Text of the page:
Poor BBC News! Yet again, it found itself in trouble and apologising to everyone for everything. Clearly showing her 90 plus years, Aunty Beeb just doesn’t understand the Internet. You have to feel sorry for the old broadcaster, but just to a limited extent. Like the Middle Aged ITV and all other mainstream news broadcasters and newspapers around the world, BBC News has played the Internet with a cocksure belief that the old-timers still make-up the rules.
For too long, broadcasters have pillaged the Net as a free news source on the one hand whilst on the other, mocking the Internet as a plaything for the socially inept and ill-informed would-be journalists, or condemning it as a cancer-inducing playground for paedophiles and cyber-bullies. They have got away with it for so long for one reason: Like the BBC, most people don’t understand the power of the Internet, either.
In the early days of the Internet, the web was king. As such, the Internet was a way of accessing information. We would log onto a company’s static website to find its opening hours and a phone number you could ring in order to speak to someone. The king was usurped by social media and e-commerce. The Internet has become a giant billboard where everyone is saying: ‘Look at me. Buy my stuff.’ Everyone is talking, few are actually listening, and even less are saying anything worthwhile, but the information is there. Almost the entire accumulation of human knowledge is on the Internet; you just have to take the time to go looking for it – and that’s the problem for the BBC and for the rest of us.
As with the shameful episode over the photo that wasn’t of the Syrian massacre, BBC News has once again shown it is too quick to jump on the bandwagon of social media speculation. It demonstrates a fear that all broadcasters have. People can find details on the Internet more quickly than they can on TV. Broadcasters, like everyone else, want a share of the cyberspace and shout ‘Look at me!’ They think it’s the only thing that will secure their industry against the phenomenon that has killed off the music industry and newspapers, and is currently making the High Street quake in its Boots The Chemist and cower with its backs to the Walmart.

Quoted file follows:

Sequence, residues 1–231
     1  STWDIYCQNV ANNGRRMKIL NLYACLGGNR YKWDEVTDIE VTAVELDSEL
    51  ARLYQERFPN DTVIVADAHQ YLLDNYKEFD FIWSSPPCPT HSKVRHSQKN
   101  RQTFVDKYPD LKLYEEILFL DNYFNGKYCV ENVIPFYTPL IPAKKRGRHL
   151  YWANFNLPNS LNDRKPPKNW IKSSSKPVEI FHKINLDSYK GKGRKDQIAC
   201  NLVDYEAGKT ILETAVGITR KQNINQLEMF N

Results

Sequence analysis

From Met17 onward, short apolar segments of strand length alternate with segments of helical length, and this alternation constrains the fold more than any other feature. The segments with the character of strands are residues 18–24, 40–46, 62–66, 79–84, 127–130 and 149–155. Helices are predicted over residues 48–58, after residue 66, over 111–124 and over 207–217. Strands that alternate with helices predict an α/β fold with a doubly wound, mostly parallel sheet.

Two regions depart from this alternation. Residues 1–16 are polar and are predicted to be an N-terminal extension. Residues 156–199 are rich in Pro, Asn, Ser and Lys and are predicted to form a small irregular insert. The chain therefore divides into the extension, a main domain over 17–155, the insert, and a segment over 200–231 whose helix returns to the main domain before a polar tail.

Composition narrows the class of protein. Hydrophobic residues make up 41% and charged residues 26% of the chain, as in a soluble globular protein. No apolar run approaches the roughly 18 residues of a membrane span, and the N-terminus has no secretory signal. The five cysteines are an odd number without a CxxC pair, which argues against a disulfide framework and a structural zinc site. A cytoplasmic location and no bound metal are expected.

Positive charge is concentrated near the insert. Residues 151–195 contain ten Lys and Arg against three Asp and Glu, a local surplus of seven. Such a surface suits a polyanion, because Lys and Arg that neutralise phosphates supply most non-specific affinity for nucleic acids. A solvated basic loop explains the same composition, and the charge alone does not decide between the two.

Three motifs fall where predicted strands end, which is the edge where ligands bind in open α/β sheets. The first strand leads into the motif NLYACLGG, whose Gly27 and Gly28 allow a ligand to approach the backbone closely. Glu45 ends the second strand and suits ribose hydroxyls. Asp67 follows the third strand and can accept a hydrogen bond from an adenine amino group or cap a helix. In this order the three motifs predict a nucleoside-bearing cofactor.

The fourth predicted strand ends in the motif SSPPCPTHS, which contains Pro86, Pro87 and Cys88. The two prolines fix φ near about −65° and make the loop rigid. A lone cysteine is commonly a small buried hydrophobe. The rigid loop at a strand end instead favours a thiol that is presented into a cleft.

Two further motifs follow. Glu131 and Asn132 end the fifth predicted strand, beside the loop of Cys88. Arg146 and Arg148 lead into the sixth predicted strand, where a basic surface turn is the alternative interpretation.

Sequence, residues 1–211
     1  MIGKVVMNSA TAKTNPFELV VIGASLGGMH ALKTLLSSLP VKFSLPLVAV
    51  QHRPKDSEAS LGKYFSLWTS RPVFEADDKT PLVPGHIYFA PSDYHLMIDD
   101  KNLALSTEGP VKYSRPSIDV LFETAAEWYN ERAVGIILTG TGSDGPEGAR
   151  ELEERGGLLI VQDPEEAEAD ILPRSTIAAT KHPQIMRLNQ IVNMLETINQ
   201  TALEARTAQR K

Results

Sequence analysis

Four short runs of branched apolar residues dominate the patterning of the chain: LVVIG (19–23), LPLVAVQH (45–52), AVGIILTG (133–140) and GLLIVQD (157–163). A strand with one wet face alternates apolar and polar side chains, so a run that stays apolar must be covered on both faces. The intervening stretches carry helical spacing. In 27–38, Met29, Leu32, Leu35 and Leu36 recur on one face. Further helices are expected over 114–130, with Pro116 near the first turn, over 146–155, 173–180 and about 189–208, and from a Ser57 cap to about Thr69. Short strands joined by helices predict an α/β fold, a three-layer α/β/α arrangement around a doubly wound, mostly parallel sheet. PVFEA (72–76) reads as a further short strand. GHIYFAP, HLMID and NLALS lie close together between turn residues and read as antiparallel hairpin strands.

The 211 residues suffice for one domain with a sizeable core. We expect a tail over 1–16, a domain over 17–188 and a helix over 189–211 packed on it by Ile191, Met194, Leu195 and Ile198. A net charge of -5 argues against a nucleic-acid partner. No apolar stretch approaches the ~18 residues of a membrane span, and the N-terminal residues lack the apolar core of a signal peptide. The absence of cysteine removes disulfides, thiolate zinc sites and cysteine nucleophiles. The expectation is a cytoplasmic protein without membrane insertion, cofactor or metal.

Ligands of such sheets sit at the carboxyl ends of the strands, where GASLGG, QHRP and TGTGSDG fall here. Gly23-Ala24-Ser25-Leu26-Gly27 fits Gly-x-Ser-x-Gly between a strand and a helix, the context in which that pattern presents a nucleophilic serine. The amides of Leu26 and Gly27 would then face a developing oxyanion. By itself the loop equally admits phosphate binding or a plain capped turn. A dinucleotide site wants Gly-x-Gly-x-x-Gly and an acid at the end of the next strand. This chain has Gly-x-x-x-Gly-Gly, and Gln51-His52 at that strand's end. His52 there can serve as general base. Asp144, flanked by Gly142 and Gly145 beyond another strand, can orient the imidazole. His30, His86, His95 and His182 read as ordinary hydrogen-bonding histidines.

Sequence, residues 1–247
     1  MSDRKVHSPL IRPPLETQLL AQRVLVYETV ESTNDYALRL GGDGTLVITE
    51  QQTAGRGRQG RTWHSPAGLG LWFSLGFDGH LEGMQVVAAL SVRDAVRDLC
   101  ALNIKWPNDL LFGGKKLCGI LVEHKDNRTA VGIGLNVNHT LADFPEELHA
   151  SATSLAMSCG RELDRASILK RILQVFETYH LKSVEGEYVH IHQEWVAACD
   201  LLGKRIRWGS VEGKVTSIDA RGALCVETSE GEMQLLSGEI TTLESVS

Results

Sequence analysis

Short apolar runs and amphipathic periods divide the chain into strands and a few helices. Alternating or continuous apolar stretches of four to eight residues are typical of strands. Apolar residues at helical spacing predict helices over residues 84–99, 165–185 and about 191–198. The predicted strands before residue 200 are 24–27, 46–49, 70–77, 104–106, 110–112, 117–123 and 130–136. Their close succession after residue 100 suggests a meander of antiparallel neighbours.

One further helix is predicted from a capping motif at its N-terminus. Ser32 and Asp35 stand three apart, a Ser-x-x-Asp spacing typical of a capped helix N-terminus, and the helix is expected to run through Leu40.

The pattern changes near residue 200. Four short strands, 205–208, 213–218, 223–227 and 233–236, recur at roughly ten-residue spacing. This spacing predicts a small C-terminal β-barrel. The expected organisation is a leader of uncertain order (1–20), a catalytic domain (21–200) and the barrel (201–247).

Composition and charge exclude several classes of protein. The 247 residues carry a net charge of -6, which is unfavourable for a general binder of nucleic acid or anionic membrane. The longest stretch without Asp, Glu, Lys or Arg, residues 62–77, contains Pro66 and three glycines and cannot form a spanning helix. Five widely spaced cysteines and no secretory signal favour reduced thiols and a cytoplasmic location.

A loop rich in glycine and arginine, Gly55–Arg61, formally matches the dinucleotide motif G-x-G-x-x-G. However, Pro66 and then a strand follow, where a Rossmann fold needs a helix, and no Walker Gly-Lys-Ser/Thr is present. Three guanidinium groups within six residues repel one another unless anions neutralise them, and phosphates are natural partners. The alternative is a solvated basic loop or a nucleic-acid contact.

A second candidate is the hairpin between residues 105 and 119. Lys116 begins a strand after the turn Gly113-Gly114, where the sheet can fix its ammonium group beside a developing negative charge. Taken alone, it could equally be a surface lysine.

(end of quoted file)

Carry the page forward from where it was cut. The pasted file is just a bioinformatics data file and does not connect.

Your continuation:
But it’s wrong. The Internet can be the saviour of the news broadcaster. It just has to know how to use it – and to treat it fairly. As an active citizen journalist and a lecturer in the citizen journalism, I present my…
Six Steps to the Successful Future of News Reporting
The future has to be a partnership between mainstream and Internet news media with an aim to full integration. This means established broadcasters like the BBC, have to stop regarding the Internet as a free news source one minute and something to ridicule and condemn when it suits.
Pay its citizen journalists and encourage them to think and behave as the viable news source; one that the world has never seen previously.
Writer and journalist unions should accept bloggers and citizen journalists as bona fide journalists who have proven themselves.
Educational institutions need to train students in on-line research; actual courses and modules that develop skilful and reliable research techniques, so progressing beyond the facile ‘Google it’ mentality. It may also halt the growing use of the Internet as a method of self-promoting advertising and more of what the Internet could be.
The Government, Royal Family and others need to stop pretending the Internet doesn’t exist, but learn to work with it. It will stop such fiascos as Prince Charles trying to ban news of his alleged bi-sexuality and the mismanaged attempt to control distribution of Kate Middleton topless pics, which has become a legal farce directly as a result of not understanding the workings of the Internet.
Finally, and most important, the people need to see the power they wield and the responsibility that goes with it: to inform and be informed; using the internet to get their valuable news out there, so be the phenomenal source of information and truth. Because that’s what the Government, Royal Family, the Police, the BBC and other Establishment Institutions really want – isn’t it?